It’s Lonely at the Top (But It Doesn’t Have to Be)
We’ve all heard the saying, “It’s lonely at the top.”
CEOs face immense pressure not only to lead the company, but also to serve as an always-on public figure. The CEO’s strategy accounts for 45% of a company’s performance, but only three in five CEOs live up to expectations in the first 18 months, according to McKinsey. No pressure, right?
No wonder so many executives feel alone, the weight of the company on their shoulders. Half of CEOs report feelings of loneliness, and 61% say it hinders their performance, according to Harvard Business Review. Working remotely or constantly traveling between offices can make this even more challenging. It’s a straight shot to burnout from there.
Here’s the thing: It doesn’t have to be lonely at the top if you don’t want it to be. If you’ve said to yourself recently, “No one at work understands me,” or “If only they knew…” then here’s what to do about it:
Let yourself lead
A little tough love for you, in this moment: Get over yourself.
So many CEOs refuse to let vulnerability or “weakness” show. But that’s exactly what keeps you lonely, isolated, and frankly, out of touch with what’s going on in your own company. Leadership means setting a BIG vision — but also modeling the confidence and skills you want your whole team to feel. You’re human too, and that’s something your team needs to know.
If you’re feeling lonely, isolated, or stressed…your team is going to pick up on it, whether you tell them or not. Real leaders acknowledge their weaknesses and let themselves take breaks. Your team will respect you all the more for it.
Build a great team
If you’re feeling lonely, you might not be leaning on your team enough.
Do your job, not anyone else’s. If you’ve made it to the C-suite by being a “doer,” it can be hard to let go of the reins. But you can’t do it all — and trying to do so won’t just lead to burnout for you. This mindset keeps your company from growing, too.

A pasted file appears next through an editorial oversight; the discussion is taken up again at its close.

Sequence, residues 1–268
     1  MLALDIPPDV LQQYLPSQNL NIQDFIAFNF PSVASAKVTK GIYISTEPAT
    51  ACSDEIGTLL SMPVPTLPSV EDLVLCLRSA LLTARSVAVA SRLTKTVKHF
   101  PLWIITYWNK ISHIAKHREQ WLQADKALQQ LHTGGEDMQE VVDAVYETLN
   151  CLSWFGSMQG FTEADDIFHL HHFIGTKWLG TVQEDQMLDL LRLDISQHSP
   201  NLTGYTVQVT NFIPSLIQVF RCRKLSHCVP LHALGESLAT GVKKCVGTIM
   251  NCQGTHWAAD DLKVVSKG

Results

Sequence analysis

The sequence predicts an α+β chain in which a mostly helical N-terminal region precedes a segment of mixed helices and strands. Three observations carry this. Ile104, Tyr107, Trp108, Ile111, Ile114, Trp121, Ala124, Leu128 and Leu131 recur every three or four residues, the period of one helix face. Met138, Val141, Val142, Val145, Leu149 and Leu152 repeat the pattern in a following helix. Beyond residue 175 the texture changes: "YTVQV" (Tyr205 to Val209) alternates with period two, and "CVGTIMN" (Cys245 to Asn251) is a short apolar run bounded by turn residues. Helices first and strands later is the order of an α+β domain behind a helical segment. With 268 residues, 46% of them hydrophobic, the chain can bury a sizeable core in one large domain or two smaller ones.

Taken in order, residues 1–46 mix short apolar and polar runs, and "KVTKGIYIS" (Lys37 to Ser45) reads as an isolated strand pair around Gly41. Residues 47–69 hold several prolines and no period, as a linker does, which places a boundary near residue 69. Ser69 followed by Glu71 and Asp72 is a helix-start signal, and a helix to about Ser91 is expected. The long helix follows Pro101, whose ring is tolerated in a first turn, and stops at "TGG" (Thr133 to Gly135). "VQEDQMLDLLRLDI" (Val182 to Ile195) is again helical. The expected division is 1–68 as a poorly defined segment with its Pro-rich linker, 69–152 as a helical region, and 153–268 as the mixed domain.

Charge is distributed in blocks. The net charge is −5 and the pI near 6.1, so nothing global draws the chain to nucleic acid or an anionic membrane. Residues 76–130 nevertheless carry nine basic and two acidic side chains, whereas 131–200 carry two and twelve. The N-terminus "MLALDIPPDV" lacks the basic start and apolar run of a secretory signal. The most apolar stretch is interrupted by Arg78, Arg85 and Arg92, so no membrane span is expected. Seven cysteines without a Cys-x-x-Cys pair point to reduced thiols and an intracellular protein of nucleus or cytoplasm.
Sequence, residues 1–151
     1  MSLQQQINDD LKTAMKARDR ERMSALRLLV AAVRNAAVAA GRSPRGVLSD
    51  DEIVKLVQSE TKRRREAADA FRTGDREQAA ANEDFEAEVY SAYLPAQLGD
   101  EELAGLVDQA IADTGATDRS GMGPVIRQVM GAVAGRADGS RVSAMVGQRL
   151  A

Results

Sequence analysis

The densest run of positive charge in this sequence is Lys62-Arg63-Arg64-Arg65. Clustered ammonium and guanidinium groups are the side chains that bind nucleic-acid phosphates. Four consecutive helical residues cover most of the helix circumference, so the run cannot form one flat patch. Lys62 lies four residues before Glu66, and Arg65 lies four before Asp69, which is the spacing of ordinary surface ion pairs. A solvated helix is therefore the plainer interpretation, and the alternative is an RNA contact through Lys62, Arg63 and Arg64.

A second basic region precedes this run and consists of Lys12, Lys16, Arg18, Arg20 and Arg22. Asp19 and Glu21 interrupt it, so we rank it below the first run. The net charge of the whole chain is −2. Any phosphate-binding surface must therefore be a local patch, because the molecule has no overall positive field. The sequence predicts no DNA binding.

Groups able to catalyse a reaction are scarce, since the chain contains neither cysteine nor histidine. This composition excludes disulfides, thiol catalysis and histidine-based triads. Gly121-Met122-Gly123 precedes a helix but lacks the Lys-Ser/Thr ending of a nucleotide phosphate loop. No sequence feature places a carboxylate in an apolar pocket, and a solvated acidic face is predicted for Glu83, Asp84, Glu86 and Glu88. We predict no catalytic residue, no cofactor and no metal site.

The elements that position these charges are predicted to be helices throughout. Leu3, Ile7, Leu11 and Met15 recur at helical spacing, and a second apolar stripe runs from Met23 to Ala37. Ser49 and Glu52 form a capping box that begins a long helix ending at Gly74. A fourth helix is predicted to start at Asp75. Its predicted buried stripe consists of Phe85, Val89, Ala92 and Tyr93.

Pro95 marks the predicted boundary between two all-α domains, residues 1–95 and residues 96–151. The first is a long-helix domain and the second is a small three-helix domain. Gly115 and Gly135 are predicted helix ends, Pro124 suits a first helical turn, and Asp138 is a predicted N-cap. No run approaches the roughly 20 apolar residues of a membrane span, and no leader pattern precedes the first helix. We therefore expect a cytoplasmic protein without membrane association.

Effective CEOs focus on five things (and only five things): Vision, Cash, Getting the Right People in the Right Jobs, Key Relationships, and Learning.
Delegate the rest.
It’s not your job to help the sales team make up lost ground after a bad month (that’s sales). It’s not your job to crunch the numbers on an acquisition potential (that’s your CFO). It’s not your job to come up with the newest tagline (that’s marketing). And it’s not your job to find the perfect field of candidates for a role (that’s HR).
It will feel a lot less lonely if you remember why you hired your team in the first place. They’re your support system, so use them.
When was the last time you met with someone outside the immediate executive team, or your assistant? The best way to create culture is to participate in it. Not the untouchable, polished all-hands or formal meet-and-greets — taking a day to sit at a shared desk space out on the office floor, sitting at lunch in the cafeteria, or joining in to informal or hobby-based Slack threads.
If you’re feeling lonely, perhaps it’s because your extended team doesn’t find you approachable. You don’t have to stay upstairs in the executive suite, or alone in your home office. You don’t have to make it about business, either. Host virtual or in-person “coffee” hangouts with individual teams. Schedule skip-level “get-to-know-you” 1:1s with managers or VPs. Or join your company’s intramural volleyball team. Get out there and talk with your team as people, and connect with them.
Find a network of mentors and CEOs
While it’s important to connect with your larger team, it is true: No one will quite understand what you’re going through.
That’s why it’s important to lean on mentors or other CEOs. Talking through your challenges and successes can make you feel less alone. No one understands the pressure you’re under better than another CEO.
If you’re not part of a networking group, start small. Take a lunch meeting or grab coffee with another CEO, or sign up for a conference or networking event. Reach out to your network — if you don’t know other executives, talk with VCs or board members who can introduce you.
Get a coach
The other person you can talk to that knows what you’re going through? An executive coach. Coaches can act as sounding boards to talk through ideas, problems, and concerns to get to a solution. They can help you navigate tough challenges and find clarity as your company grows. But they can also make you feel less alone because, more often than not, they’ve gone through the exact same thing before.
Forget about the idea that “it’s lonely at the top.” Make connections with the people around you — starting with one of our executive coaches.